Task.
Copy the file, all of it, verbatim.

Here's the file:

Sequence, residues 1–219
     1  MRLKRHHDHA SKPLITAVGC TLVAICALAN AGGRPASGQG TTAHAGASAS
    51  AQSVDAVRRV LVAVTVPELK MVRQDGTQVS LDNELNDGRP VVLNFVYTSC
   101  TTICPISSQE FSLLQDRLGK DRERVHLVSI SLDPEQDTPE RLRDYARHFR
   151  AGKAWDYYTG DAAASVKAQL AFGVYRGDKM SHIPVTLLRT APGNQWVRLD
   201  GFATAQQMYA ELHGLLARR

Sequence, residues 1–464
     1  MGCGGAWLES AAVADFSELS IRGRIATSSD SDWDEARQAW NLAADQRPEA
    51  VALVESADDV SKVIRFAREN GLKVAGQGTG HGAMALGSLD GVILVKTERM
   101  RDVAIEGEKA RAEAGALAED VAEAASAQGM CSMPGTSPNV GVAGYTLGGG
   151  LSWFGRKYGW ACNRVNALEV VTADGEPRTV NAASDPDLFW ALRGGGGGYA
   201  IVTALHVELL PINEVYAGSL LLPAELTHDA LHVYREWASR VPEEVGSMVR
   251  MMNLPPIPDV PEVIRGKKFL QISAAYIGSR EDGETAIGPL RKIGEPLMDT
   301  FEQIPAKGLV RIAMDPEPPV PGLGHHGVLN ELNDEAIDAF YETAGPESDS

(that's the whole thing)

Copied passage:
Sequence, residues 1–219
     1  MRLKRHHDHA SKPLITAVGC TLVAICALAN AGGRPASGQG TTAHAGASAS
    51  AQSVDAVRRV LVAVTVPELK MVRQDGTQVS LDNELNDGRP VVLNFVYTSC
   101  TTICPISSQE FSLLQDRLGK DRERVHLVSI SLDPEQDTPE RLRDYARHFR
   151  AGKAWDYYTG DAAASVKAQL AFGVYRGDKM SHIPVTLLRT APGNQWVRLD
   201  GFATAQQMYA ELHGLLARR

Sequence, residues 1–464
     1  MGCGGAWLES AAVADFSELS IRGRIATSSD SDWDEARQAW NLAADQRPEA
    51  VALVESADDV SKVIRFAREN GLKVAGQGTG HGAMALGSLD GVILVKTERM
   101  RDVAIEGEKA RAEAGALAED VAEAASAQGM CSMPGTSPNV GVAGYTLGGG
   151  LSWFGRKYGW ACNRVNALEV VTADGEPRTV NAASDPDLFW ALRGGGGGYA
   201  IVTALHVELL PINEVYAGSL LLPAELTHDA LHVYREWASR VPEEVGSMVR
   251  MMNLPPIPDV PEVIRGKKFL QISAAYIGSR EDGETAIGPL RKIGEPLMDT
   301  FEQIPAKGLV RIAMDPEPPV PGLGHHGVLN ELNDEAIDAF YETAGPESDS